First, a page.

You purchase and get a serial number, one per developer. Just as for individuals above, each serial number must be registered against a developer’s EDN account. Each developer can use it on multiple VMs.
You purchase a multi-user serial number. This is a single number that is valid for multiple people. Just as for normal serials, when any individual developer installs and registers Visual Assist, they will need their own user account. Each developer can use it on multiple VMs.
There are also some temporary options that you may have seen if you encountered issues: a manually generated legacy serial number using the old license system, and an eSlip file, which is a single license file shared for a team but requiring an internet connection. We’ve used these for limited cases when none of the above licenses work for a team due to technical reasons.
The licensing changes are new to us too, and we may not have clearly explained them when you purchased or contacted Support.
What is a user account? User accounts provide a single licensing account across all Idera-owned products. Create yours here, and then use those login credentials when registering your license.
Right now, the webpage is not ideal, and we’ve had some feedback about that too. More on what will change there below.
Licenses In The Future
The majority of issues we’ve seen have been to do with a missing use case: a team with multiple developers who either wish to not register individually or need to use the license in a disconnected environment. We believe it’s reasonable for personal or individual users to register via an account, but we understand it’s a barrier for some larger teams.
Within the next week, we are adding a new license option to address this scenario. If you are a large company with many developers, or you operate disconnected from the net, you will be able to purchase a network named user license. This is a single license shared by the whole team. Individuals can use it on multiple VMs. No internet connection is required: instead, you run a license server on your internal network, which manages all verification without contacting us.
You’ll be given this license option if you purchase Visual Assist for a team of five or more, or by request to our sales / licensing team.
Running a license server may not be ideal for some teams with strict IT requirements. If your team is unable to use this option, you can always contact our sales or license teams to discuss some other options we can make available.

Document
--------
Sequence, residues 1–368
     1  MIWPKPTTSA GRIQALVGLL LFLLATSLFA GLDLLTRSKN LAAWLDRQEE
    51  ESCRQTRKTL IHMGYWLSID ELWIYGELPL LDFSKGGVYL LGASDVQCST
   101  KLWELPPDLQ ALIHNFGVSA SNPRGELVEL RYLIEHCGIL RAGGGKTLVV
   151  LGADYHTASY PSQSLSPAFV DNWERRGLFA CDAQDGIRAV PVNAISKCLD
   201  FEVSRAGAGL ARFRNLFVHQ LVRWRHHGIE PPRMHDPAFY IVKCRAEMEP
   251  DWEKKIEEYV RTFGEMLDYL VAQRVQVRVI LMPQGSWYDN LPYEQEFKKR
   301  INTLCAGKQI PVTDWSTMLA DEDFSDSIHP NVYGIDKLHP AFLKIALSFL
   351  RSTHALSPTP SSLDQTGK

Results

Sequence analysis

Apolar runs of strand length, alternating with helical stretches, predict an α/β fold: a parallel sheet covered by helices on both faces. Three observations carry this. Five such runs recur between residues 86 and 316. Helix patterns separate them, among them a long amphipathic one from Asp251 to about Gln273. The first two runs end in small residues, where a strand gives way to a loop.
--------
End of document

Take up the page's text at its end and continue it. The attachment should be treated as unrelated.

This retires eSlip licenses (except through licensing support requests) and legacy serial numbers, leaving three license options:
Personal use, or multiple individual developers: individual serial numbers, registered for each developer through your user account.
Multiple individual developers in a small team: a multi-user serial number, registered for each developer through your user account.
Multiple individual developers in a large team, or by request for small teams: a network named user license, with no registration or internet access required.
We also expect the speed of license generation to be faster at the same time we introduce this new option. Note our staff don’t work weekends, so if you order on a Friday, you may not get your serial number until Monday. Orders during the week should be next-day or sooner, and we aim to process each one within a few hours.
License support requests are also now handled by a dedicated team with experience with this license technology. That means they are familiar with the issues you may encounter and should be able to speedily resolve them. They have a dedicated email address: email@example.com. (You can email this directly. If you contact normal support, your email will also be forwarded to and handled by the dedicated license team.)
In addition, we are replacing the user account website, with a planned launch date in early July. This is a brand new version of the user account website, built in Ext JS, where you will be able to create an account and view all your registered products and serial numbers. It will be quite minimal, clean, fast, and should be a lot clearer to use than the current website.
We rolled out a new website and new license system, and neither was quite perfect
You will not need to enter personal information to download your licensed software
The license system and where and how to use your account may not have been well explained, and we hope the above makes it clearer
We’re introducing a new license option, Network Named User License, that works better for large teams and teams who work offline